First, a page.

Iris Butter and Sugar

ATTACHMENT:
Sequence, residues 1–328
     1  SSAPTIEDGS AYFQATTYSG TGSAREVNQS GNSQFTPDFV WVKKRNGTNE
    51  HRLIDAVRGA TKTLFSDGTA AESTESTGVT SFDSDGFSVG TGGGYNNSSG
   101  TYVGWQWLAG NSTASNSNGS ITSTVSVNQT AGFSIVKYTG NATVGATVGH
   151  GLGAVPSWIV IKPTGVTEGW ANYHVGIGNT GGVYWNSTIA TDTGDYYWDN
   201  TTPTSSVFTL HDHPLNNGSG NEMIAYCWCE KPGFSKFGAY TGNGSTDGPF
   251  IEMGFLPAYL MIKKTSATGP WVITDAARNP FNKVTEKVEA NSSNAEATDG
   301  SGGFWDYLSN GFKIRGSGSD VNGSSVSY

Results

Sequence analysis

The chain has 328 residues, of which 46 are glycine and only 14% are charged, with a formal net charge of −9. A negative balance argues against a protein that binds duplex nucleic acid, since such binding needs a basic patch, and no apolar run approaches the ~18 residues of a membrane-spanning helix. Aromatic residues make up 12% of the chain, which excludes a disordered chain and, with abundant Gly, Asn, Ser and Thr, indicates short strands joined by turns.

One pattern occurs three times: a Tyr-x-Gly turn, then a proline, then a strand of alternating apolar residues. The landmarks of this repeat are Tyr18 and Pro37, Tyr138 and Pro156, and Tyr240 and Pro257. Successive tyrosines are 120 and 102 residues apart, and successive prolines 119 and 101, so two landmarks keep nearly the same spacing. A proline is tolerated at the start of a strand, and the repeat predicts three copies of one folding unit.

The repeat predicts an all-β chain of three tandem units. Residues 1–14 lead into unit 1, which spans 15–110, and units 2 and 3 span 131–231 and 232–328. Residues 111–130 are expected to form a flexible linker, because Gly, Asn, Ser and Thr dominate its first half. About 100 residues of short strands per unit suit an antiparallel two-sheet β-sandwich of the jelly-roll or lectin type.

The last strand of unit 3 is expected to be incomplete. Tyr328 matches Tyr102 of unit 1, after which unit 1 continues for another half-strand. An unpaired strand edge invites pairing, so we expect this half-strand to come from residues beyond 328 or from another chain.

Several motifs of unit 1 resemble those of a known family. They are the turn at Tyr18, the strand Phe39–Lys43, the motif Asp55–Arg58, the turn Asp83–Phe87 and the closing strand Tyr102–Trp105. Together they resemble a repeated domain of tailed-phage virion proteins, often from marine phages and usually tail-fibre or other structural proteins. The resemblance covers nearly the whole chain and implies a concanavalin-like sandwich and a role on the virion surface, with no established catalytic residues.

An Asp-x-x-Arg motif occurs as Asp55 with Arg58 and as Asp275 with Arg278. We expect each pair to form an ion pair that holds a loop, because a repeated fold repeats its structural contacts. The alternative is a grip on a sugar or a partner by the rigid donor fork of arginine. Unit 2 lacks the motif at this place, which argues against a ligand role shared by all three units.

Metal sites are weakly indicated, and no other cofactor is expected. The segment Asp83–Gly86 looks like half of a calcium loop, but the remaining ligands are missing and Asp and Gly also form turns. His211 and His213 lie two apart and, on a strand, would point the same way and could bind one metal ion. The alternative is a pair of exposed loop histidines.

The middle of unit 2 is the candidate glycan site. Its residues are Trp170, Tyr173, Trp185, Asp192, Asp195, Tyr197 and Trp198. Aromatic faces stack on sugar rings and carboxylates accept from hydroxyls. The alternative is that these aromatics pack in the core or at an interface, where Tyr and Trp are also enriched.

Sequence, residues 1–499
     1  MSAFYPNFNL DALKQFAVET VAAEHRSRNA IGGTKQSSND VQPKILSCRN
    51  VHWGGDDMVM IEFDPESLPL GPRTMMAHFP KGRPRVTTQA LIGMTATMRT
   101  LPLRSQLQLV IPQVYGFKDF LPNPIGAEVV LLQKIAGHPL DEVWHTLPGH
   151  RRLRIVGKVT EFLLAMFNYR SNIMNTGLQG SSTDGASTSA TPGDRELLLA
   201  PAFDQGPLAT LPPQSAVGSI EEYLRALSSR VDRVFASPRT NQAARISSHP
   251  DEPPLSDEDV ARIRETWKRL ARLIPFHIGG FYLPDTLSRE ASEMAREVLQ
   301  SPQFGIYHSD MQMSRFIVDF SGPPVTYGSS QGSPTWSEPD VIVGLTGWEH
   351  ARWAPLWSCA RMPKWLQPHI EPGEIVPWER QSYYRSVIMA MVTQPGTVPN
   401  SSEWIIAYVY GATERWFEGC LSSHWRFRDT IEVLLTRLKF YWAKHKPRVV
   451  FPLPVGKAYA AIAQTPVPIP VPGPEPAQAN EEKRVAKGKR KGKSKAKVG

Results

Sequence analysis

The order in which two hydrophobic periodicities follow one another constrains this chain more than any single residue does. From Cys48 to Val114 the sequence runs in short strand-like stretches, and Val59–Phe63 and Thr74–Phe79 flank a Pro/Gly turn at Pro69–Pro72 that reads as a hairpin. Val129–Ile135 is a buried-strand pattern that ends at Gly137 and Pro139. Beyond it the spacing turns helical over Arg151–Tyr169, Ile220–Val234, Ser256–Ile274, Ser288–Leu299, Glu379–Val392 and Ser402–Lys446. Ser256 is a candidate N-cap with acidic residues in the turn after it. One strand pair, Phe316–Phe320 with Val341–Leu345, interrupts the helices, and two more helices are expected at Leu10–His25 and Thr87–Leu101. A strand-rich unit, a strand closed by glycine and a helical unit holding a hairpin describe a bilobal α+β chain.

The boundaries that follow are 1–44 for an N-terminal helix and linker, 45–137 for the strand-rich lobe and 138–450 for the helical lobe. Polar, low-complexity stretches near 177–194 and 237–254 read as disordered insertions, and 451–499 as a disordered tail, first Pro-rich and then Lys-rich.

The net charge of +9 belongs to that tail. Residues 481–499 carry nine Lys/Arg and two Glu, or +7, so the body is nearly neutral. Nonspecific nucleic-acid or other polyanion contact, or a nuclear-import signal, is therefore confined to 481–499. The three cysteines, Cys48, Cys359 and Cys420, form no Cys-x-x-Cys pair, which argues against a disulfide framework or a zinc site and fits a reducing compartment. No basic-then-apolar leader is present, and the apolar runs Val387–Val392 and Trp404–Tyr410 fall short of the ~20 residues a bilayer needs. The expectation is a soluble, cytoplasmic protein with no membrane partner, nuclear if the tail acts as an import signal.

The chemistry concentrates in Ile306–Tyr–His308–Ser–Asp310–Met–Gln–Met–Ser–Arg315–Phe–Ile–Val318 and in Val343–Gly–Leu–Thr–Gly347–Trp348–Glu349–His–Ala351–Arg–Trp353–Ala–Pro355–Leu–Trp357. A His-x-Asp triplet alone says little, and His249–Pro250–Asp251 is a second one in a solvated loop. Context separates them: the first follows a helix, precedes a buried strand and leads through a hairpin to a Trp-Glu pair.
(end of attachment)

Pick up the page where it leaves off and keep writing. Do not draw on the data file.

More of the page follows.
Plants in the Siberian iris group are chiefly of hybrid origin, primarily being derived from two blue-flowered Asian species, namely, I. sibirica (central Europe to northeastern Turkey and southeastern Russia) and I. sanguinea (Russia, Korea and Japan). Arching, narrow, grass-like, linear, blue-green leaves form a vase-shaped foliage clump to 2’ tall. Flowering stems rise above the foliage to 3’ tall in May-June, each stem bearing 2-5 flowers in colors which primarily include blue, lavender, purple and white, but sometimes yellow, pink and wine. Each flower features upright standards and flaring to drooping falls. In comparison to bearded varieties, Siberian irises have smaller beardless flowers, narrower grass-like leaves and an absence of thick fleshy rhizomes. After bloom, the foliage clump will retain its blue-green color into the fall, often displaying showy leaves reminiscent of some ornamental grasses. Genus named for the Greek goddess of the rainbow. 'Butter and Sugar' produces flowers with white standards and bright yellow falls. 1981 Morgan and 1986 Morgan-Wood Award winner.